“I’m moving you out of here Patricia.” Robert Davis ran his hand over the cool, smooth granite, slowing as he passed over the grooves of his precious wife’s name. Tears ran down his rosy cheeks. He quickly wiped them away with his gnarled hand.
“You wouldn’t recognize the place anymore.” He bent down slowly feeling every bit of pressure in his weary knees and back as he ripped out the resilient weeds popping up along the edge of the flower bed. “Nobody’s done a thing around here in a long time.”
He stood, satisfied, then lowered himself onto the white, stone bench near the church’s columbarium wall where Patricia’s ashes were locked away. Scanning the yard behind him, he noticed there were now swings hanging from the thick limbs of farthest fig tree, planted so many years ago by Pastor Fields. Robert loved the yard with the variety of trees, the same ones you would find in the holy land. Swings on the fig tree? He wondered if that counted as blasphemy. It ought to.
Tuning out the calming songs of the sparrows and chickadees, Robert pulled his sweater tighter against the lengthening shadows and pursed his lips.
“I don’t know what the new pastor does all day to tell you the truth. If you asked me, he’s making everyone else do the work while he disappears for the week. That’s the way of young people, I guess. Too interested in their computers or phones to care about anybody else.”
Robert shook his head, remembering how angry he had been on Sunday when Pastor John had gotten up to preach without his Bible. He had carried up some tiny computer instead. Irreverent! He gritted his false teeth. He’d told everyone what he thought, too, during coffee hour. They’d be hearing a lot more, then the whole bunch of them would take their tithes to some other deserving church. Some place where the pastor got things done and showed some respect.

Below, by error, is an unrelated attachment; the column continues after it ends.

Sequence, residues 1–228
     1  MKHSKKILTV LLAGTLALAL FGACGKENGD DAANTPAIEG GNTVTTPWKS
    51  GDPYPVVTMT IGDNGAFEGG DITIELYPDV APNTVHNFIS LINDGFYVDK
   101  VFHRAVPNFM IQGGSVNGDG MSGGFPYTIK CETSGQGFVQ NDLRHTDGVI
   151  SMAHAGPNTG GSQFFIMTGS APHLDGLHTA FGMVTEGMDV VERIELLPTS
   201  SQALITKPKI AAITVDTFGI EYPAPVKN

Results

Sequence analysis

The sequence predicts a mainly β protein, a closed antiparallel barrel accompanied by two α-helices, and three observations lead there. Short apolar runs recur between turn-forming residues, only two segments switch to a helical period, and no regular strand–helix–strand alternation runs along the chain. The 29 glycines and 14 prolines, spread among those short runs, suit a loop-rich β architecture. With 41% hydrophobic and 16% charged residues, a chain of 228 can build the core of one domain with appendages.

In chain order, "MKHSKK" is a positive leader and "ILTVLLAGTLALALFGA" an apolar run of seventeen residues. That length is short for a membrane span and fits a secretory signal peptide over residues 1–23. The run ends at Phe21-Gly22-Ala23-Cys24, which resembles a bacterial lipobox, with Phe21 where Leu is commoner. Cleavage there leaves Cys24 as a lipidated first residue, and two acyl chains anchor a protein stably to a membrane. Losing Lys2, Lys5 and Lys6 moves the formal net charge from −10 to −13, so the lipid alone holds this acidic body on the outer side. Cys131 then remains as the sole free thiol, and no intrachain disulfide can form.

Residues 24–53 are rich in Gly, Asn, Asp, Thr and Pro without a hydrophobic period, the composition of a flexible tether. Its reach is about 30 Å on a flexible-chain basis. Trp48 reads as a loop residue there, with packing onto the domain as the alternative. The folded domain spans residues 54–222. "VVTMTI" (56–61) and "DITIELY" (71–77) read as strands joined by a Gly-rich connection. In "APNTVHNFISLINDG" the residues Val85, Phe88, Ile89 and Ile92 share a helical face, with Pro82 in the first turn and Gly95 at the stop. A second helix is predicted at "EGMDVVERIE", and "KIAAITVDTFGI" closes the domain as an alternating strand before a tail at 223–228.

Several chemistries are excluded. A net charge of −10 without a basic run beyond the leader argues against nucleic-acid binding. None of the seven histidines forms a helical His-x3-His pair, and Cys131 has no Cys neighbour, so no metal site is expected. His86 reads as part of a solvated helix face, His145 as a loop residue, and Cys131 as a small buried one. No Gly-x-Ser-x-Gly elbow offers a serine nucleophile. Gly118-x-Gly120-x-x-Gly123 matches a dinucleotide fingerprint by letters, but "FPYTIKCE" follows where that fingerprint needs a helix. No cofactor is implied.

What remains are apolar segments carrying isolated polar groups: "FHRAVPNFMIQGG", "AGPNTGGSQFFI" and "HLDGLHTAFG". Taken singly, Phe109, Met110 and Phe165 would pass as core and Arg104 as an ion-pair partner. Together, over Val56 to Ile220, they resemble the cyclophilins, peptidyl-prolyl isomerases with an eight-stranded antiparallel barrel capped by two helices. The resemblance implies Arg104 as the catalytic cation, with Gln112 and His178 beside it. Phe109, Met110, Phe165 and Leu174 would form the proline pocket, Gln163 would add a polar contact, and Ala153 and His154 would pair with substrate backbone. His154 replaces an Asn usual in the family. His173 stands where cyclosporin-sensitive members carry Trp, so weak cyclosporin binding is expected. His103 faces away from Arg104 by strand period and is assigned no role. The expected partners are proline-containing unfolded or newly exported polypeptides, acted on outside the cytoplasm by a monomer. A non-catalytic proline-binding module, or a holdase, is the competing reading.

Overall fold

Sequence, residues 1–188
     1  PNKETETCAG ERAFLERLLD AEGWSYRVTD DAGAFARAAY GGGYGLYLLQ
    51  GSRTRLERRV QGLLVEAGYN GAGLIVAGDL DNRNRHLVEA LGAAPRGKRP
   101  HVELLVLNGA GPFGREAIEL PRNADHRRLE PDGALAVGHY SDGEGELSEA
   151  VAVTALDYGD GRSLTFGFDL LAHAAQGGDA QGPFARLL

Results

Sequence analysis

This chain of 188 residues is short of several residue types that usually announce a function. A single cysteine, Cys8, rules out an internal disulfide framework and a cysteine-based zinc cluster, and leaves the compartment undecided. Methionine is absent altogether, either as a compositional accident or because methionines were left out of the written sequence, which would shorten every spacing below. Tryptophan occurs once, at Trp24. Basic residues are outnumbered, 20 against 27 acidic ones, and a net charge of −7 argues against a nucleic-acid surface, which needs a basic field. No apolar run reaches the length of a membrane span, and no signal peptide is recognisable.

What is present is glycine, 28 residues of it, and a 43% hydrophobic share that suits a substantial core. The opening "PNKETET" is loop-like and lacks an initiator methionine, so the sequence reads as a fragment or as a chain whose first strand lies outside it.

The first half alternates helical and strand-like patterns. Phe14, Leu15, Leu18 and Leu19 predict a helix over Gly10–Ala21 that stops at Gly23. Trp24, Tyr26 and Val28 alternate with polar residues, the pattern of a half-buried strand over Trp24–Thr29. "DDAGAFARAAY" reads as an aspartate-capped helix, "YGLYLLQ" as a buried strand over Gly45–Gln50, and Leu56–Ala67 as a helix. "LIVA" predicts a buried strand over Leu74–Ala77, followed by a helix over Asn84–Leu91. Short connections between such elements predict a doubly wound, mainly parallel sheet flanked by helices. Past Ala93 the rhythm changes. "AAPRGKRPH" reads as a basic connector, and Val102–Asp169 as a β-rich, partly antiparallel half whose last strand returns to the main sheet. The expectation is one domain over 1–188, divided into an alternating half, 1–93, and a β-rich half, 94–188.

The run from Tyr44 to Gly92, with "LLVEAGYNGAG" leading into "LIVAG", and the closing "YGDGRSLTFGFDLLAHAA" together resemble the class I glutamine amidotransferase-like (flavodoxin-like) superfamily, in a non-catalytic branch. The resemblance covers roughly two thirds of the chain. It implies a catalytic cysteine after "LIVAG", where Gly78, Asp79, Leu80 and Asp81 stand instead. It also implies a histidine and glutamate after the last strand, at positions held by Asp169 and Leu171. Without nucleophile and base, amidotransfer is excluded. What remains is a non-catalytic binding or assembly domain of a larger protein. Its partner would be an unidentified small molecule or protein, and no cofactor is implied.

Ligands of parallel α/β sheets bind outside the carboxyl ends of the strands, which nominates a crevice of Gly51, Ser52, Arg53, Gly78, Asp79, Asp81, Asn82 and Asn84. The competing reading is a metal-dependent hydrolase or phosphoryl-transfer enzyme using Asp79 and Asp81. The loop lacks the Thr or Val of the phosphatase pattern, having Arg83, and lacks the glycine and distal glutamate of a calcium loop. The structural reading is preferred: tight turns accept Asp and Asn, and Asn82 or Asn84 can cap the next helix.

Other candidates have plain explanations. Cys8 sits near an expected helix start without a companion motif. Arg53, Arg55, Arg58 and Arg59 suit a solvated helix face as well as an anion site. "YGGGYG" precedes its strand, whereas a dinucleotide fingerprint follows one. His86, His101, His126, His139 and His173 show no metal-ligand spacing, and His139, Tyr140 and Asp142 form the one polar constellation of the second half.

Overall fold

A squeal and feet pounding on the grass behind him startled Robert. “What is going on?” He grumbled under his breath, upset that his time with Patricia was interrupted. He turned partway around to see Emily, the pastor’s youngest daughter bounding in his direction. He braced himself, hoping she had sense enough not to knock into him.
The little girl in long, blonde pigtails wore jeans with holes in the knees, and a sweatshirt that appeared too large for her. He could tell she had been eating some sort of sticky, red candy because it was smeared on the sides of her mouth.
“Hello Mr. Robert. Whatcha doing out here? Praying for the saints?”
Robert furrowed his brow. Praying for the saints? Where did a little girl come up with an idea like that?
“No. I’m visiting my wife.”
“Patricia? I’ll bet she was really nice.” Emily sat on the small bench next to Robert. He inched his way to the right, trying not to end up covered in stickiness as well.
“How did you know my wife’s name?” Hearing the girl say his wife’s name brought a lump to his throat. He never got to hear anyone say her name anymore. She should have called her Mrs. Davis.
“We were down here praying for the saints this morning. Daddy helped me read some of the tiles."
“Who was praying?”
“Mommy, daddy, Chloe and me.”
“That’s nice.” Robert gripped his aching knees, wondering how long Emily would sit by his side.
“Is there anything special we can pray about for you tomorrow?” Emily looked up, her big, blue eyes innocent and curious.
“You just keep praying for the saints.” Robert felt the hard layer of anger melting away from his heart, and sat up straighter to fight against it. He cleared his throat and tried silence to make Emily leave. It didn’t work.
“There’s one thing I don’t get, though.” Emily scrunched up her nose. “What’s a saint?”
“A saint? Well, Pastor Fields used to teach that a saint was someone who loved and followed Jesus.”
“Like you.” Emily gave Robert one last smile and ran off toward one of the swings. Pumping her legs so she soared up into the leaves, she sang “Jesus Loves Me” at the top of her lungs.
“Yes. Just like me.” Robert’s cheeks were wet with tears again, but this time he didn’t wipe them away. Instead he hung his head and began to pray.
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